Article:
- 2nd bell, note E: cast in 1711 by Abraham Rudhall
- 3rd bell, note D: cast in 1711 by Abraham Rudhall
- 4th bell, note C: cast in 1711 by Abraham Rudhall
- Tenor (largest bell), note B flat (but cracked and toneless): cast in 1838 by Thomas Mears (Gloucester).
Adlestrop House was built in the 17th century as the Rectory. It was altered in the 18th century and extended in the 19th and 20th centuries.
Thomas Leigh, a member of the manorial family, was Rector of Adlestrop from 1762 until his death in 1813. A cousin of his was the mother of the novelist Jane Austen, who visited the then rectory at least three times between 1794 and 1806. She is thought to have drawn inspiration from the village and its surroundings for her novel Mansfield Park.
Railway and former station
In 1853 the Oxford, Worcester and Wolverhampton Railway was built along the Evenlode valley. A station was opened about 1⁄2 mile (800 m) southwest of Adlestrop village where the main road (now the A436) crosses the river. The station was called "Addlestrop" and Stow Road (note the double "D") until 1862, when it was shortened to "Addlestrop". The Great Western Railway took over the line in 1863 and changed the spelling to "Adlestrop" with a single "D" in 1883.
Adlestrop was immortalised by Edward Thomas's poem "Adlestrop", which was first published in 1917. The poem describes an uneventful journey that Thomas took on 24 June 1914 on the Oxford to Worcester express. The train made a scheduled stop at Adlestrop railway station, which the poet thought was unscheduled. He did not alight from the train, but describes a moment of calm pause in which "a blackbird sang close by, and... all the birds of Oxfordshire and Gloucestershire".
One of the station signs and one of the benches that used to be on the station platform are now in the village bus shelter. A plaque on the bench quotes Thomas's poem. These are all that remain of the former station.
Yes. I remember Adlestrop—
The name, because one afternoon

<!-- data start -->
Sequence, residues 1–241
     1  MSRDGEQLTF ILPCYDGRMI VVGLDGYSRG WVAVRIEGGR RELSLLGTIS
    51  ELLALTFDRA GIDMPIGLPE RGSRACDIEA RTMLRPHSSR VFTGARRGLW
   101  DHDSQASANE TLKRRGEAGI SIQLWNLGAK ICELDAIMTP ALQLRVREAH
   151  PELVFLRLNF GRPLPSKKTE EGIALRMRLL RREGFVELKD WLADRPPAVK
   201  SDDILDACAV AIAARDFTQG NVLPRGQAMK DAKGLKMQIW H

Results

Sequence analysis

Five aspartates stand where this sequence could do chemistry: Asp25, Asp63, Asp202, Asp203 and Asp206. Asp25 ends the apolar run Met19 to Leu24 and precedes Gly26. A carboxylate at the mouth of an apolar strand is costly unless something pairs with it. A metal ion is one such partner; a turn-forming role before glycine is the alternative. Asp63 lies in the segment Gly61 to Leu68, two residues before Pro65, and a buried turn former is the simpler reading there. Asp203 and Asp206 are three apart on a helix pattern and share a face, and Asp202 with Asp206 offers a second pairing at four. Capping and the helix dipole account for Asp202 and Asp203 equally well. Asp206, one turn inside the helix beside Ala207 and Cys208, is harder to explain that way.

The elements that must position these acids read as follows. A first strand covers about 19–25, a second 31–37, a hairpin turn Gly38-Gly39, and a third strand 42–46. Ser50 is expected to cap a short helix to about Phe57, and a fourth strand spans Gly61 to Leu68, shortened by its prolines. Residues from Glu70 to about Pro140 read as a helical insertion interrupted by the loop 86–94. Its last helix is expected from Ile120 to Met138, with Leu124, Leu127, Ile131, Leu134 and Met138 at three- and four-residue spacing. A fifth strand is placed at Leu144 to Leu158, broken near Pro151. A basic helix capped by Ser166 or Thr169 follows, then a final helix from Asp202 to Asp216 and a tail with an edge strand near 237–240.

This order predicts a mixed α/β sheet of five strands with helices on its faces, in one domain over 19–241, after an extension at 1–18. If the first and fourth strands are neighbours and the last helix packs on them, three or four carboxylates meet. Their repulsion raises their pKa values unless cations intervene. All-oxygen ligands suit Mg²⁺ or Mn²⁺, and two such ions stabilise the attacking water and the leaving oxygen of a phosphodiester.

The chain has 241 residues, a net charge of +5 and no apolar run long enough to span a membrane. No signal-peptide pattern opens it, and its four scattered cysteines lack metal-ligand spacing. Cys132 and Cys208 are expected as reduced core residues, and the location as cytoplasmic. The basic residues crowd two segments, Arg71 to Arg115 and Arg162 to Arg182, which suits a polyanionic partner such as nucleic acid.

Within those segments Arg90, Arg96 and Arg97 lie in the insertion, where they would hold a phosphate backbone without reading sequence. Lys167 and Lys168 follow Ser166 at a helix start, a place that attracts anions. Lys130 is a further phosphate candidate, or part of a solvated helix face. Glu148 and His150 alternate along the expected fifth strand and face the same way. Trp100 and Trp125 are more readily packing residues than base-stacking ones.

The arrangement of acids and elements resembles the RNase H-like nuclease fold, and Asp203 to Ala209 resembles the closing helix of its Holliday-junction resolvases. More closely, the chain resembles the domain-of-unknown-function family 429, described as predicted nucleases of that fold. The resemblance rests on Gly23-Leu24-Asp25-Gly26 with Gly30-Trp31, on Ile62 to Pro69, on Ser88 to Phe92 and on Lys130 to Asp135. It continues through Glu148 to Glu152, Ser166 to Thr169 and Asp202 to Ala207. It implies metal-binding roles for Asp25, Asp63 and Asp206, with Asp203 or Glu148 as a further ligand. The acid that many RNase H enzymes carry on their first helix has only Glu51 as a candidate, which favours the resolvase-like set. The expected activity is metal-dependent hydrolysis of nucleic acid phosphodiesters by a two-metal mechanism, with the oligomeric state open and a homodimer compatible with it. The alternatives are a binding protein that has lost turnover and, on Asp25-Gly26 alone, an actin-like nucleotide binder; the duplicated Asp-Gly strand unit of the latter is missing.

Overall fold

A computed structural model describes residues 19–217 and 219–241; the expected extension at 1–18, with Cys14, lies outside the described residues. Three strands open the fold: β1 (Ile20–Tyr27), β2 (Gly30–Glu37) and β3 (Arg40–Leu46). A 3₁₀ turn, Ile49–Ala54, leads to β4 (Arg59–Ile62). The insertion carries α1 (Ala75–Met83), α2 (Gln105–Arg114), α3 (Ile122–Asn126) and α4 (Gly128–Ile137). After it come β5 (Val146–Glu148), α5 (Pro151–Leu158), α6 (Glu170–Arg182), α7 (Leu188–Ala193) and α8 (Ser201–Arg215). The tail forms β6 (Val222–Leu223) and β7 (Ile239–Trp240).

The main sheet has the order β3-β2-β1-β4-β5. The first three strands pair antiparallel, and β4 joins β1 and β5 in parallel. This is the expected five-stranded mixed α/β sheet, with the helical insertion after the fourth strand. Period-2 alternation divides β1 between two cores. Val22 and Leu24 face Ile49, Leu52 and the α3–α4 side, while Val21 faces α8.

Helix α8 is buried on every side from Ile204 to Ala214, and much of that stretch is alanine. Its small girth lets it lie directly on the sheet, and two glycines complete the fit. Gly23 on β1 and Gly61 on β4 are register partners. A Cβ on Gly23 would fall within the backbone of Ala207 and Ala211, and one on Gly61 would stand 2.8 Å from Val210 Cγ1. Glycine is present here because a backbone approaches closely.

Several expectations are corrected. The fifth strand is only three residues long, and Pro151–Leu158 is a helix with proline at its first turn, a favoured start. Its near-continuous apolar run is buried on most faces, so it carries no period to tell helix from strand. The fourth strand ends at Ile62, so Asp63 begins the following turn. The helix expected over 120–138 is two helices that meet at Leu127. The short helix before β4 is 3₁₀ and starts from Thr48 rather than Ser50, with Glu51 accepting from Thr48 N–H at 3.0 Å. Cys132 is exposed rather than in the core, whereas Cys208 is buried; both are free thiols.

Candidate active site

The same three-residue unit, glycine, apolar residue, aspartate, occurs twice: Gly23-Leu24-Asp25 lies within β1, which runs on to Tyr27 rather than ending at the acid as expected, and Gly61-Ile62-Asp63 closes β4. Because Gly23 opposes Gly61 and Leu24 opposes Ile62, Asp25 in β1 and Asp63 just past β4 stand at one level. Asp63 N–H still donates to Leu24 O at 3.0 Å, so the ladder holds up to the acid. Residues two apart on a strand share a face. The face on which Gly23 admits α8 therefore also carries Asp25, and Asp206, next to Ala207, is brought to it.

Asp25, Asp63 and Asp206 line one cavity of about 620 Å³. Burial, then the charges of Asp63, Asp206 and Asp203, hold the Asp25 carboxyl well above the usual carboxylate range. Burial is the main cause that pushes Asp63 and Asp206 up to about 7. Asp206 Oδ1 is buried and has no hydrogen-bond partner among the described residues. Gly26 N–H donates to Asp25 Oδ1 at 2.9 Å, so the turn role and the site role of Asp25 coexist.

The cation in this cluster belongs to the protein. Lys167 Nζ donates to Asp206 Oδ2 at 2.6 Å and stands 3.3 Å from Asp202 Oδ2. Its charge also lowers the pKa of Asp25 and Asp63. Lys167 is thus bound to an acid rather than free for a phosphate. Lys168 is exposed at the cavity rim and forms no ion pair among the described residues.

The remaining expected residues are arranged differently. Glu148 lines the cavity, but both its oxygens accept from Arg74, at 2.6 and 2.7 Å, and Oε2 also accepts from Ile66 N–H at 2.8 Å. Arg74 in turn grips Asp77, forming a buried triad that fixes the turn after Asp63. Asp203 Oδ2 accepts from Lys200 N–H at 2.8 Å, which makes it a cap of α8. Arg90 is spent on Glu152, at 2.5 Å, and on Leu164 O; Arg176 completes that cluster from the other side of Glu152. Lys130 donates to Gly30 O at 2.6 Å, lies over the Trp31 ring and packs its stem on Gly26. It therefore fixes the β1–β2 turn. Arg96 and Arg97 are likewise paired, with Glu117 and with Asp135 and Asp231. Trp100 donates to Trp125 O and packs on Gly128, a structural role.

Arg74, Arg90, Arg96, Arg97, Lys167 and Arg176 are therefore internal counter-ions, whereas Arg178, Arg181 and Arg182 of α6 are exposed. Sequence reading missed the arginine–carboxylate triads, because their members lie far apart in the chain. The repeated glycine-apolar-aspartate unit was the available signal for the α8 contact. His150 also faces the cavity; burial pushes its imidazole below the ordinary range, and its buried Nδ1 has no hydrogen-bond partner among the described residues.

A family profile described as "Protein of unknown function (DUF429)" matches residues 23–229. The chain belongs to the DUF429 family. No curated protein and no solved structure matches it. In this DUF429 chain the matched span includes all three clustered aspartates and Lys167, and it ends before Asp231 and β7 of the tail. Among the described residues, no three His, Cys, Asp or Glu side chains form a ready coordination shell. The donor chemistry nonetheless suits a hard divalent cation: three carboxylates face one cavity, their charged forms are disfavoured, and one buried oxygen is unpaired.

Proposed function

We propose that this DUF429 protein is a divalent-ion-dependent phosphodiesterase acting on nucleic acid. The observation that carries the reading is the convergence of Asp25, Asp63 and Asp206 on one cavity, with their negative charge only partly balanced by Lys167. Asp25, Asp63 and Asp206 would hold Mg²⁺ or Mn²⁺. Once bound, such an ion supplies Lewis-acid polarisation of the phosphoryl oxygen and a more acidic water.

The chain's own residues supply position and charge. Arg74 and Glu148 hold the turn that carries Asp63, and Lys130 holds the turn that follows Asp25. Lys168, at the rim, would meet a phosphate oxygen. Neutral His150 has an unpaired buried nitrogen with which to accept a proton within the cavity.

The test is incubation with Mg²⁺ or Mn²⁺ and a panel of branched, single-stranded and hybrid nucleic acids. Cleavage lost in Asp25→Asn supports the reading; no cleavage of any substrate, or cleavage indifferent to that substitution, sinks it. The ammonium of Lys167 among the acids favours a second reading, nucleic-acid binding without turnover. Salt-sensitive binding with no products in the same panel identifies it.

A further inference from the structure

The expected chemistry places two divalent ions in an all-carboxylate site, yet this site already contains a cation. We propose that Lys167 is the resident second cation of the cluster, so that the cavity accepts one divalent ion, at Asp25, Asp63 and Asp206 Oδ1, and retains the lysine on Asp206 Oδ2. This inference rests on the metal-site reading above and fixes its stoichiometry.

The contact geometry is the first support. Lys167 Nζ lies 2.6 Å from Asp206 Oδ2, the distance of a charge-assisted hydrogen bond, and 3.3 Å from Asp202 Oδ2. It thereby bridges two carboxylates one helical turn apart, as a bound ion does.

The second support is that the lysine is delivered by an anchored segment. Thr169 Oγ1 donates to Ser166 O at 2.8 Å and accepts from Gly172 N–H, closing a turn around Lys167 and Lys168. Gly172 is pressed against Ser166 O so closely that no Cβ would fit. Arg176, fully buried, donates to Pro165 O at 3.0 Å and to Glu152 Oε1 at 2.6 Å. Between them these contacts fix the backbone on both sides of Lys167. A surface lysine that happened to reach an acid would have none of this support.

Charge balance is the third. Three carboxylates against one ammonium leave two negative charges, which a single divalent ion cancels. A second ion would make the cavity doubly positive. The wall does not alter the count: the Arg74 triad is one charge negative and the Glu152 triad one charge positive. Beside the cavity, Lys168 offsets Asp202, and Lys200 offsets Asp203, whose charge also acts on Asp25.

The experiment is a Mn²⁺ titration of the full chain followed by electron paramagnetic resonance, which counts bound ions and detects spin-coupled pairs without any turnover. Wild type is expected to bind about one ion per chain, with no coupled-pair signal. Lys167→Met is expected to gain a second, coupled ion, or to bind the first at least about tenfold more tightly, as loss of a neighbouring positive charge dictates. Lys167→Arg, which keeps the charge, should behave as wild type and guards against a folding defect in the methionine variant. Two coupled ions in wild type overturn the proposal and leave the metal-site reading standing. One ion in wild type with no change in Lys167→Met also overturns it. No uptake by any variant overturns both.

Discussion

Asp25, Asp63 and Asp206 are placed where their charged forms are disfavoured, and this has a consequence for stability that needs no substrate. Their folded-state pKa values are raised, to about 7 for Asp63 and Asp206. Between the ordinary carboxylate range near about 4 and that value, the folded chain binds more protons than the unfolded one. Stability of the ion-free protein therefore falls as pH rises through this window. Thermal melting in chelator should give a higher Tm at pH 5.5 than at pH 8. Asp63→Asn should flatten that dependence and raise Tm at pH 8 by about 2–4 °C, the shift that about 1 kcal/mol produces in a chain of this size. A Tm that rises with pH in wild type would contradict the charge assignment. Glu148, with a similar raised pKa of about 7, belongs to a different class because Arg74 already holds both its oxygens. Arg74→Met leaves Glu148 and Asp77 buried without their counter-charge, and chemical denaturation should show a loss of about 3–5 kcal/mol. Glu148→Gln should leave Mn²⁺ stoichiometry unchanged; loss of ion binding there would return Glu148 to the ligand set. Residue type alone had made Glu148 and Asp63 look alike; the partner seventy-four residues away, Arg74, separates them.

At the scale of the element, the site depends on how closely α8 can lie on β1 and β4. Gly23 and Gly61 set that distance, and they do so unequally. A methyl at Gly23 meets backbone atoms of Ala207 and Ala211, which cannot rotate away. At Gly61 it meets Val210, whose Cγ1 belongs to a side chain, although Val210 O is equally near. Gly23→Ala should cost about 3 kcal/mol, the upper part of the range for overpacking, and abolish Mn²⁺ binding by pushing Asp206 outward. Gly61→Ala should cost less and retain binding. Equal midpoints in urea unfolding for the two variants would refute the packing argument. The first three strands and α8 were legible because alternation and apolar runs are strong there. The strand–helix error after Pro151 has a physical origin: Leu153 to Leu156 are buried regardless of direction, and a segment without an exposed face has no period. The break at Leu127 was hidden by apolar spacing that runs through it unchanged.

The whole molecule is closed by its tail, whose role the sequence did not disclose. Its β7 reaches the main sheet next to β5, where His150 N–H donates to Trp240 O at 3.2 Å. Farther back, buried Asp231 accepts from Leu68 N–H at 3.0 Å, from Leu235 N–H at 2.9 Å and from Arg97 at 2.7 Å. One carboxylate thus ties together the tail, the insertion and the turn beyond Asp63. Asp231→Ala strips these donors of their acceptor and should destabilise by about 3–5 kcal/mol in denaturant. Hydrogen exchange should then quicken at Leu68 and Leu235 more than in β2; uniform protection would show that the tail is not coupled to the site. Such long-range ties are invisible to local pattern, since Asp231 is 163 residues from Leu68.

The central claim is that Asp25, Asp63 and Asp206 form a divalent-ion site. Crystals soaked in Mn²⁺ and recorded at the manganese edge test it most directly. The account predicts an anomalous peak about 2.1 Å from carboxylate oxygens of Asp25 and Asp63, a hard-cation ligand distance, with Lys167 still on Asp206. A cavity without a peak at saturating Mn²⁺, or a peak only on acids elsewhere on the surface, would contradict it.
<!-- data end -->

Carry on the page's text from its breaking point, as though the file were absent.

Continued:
Of heat, the express-train drew up there
Unwontedly. It was late June.
The steam hissed. Someone cleared his throat.
No one left and no one came
On the bare platform. What I saw
Was Adlestrop—only the name
And willows, willow-herb, and grass,
And meadowsweet, and haycocks dry,
No whit less still and lonely fair
Than the high cloudlets in the sky.
And for that minute a blackbird sang
Close by, and round him, mistier,
Farther and farther, all the birds
Of Oxfordshire and Gloucestershire.
The Millom poet Norman Nicholson wrote a poem,'Do You Remember Adlestrop?' (1981, in the collection 'Sea to the West'). It includes the line,'And Willows, willow-herb and grass'.
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- Elrington, CR, ed. (1965). A History of the County of Gloucester. Victoria County History. Vol. VI. London: Oxford University Press for the Institute of Historical Research. pp. 8–16.
- Harvey, Anne, ed. (1999). Adlestrop Revisited: an Anthology Inspired by Edward Thomas's Poem. Stroud: Sutton Publishing. ISBN 0-7509-2289-3.
- Huxley, Victoria (2013). Jane Austen & Adlestrop: Her Other Family. Adlestrop: Windrush Publishing. ISBN 978-0-9575150-2-4.
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- Verey, David (1970). Gloucestershire: The Cotswolds. The Buildings of England. Vol. 1. Harmondsworth: Penguin Books. pp. 79–81. ISBN 0-14-071040-X.
- Adlestrop – community website
- St Mary Magdalene Church, Adlestrop
- Gelfer, Joseph. "I Remember Adlestrop".
- Adlestrop: historical and genealogical information at GENUKI.
- Adlestrop in the Domesday Book